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August 23, 2017

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Follow the rules, moped drivers, or Metro will ticket you

More from KSNV

Watch Marie Mortera’s report on the training traffic officers receive at 4 p.m. and 6 p.m. today on KSNV Channel 3.

Moped drivers, beware: Traveling in bike lanes, on sidewalks or not following standard driving rules could result in a ticket.

Metro Police say they’re cracking down on moped drivers as the motor-driven scooters become more common on Las Vegas roadways.

“People look at it as a great way to get to and from work,” Metro traffic Lt. Richard Fletcher said. “I agree, but there are some limitations to a moped just like there are limitations to a motorcycle or a four-wheel drive truck.”

By Nevada law, a moped does not require insurance or vehicle registration if it cannot exceed 30 mph and produces no more than two gross brake horsepower.

“When we see mopeds going down the road at 45 mph, that’s not a moped anymore,” Fletcher said. “That’s a motorcycle.”

Procell Motorsports on Charleston Boulevard sells mopeds ranging in price from $699 to $1,299.

General Manager Sean Murphy said Procell’s moped sales began increasing three years ago near the start of the recession and have continued in the past 12 to 18 months.

“The average reaction from the public has been much more favorable,” Murphy said.

Management at Scooter Stop on Decatur Boulevard confirmed reported moped sales as well, saying shipments typically sell out each week.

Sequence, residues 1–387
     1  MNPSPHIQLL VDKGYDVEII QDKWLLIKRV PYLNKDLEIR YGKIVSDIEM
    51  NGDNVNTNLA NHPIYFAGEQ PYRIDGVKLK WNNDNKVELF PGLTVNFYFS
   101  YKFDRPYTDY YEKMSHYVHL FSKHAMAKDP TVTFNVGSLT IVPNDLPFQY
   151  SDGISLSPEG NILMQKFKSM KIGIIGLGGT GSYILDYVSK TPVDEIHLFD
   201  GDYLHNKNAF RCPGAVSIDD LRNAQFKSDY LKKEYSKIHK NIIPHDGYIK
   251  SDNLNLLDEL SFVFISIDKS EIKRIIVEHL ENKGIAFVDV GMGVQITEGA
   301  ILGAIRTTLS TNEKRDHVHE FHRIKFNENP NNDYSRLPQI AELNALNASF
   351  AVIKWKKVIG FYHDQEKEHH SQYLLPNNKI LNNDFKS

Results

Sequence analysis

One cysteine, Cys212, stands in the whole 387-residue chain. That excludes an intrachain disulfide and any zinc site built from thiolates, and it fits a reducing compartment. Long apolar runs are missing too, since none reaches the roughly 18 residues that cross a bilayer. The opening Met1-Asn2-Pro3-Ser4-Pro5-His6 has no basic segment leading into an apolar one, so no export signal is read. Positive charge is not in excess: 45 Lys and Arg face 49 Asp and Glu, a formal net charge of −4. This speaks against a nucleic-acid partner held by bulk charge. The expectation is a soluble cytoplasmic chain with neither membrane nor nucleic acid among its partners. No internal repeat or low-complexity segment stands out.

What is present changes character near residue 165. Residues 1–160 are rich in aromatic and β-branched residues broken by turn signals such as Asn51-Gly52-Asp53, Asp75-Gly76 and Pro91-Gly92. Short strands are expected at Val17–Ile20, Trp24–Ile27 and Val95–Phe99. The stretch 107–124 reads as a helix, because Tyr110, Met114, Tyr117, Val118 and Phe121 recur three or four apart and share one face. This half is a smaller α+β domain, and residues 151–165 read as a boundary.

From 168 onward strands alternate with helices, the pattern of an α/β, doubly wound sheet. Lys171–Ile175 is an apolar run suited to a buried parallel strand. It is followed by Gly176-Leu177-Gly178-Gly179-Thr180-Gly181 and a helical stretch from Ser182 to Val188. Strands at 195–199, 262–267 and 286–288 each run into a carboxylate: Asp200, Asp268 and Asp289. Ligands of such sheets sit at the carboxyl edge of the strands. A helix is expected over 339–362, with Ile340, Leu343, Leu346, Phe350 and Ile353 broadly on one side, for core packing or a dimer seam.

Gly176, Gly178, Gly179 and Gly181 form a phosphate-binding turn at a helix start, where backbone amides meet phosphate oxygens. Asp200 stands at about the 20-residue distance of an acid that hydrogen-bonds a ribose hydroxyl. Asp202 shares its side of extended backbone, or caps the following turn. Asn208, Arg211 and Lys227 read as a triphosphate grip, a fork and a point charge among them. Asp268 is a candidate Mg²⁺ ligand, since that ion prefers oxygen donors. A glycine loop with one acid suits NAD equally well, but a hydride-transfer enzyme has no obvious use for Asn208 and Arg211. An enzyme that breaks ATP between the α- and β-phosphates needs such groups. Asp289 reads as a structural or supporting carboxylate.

Murphy said customers — who come from all walks of life — cite a variety of factors when buying mopeds, such as less fuel consumption and the absence of insurance or registration costs.

He’s seen families buying mopeds as second vehicles and college students buying them for easy transportation.

“To be quite honest, it’s been a lot of fun,” Murphy said, referring to the daily moped sales.

A bill requiring moped registration and protective headgear for drivers in Nevada failed in the 2011 legislative session.

Even so, Fletcher advised people to research legal mopeds before purchasing something that’s actually considered a motorcycle — and therefore subject to different requirements, such as registration and protective gear.

“People aren’t realizing that,” Fletcher said. “They’re looking at it as cheap transportation, which it is.”

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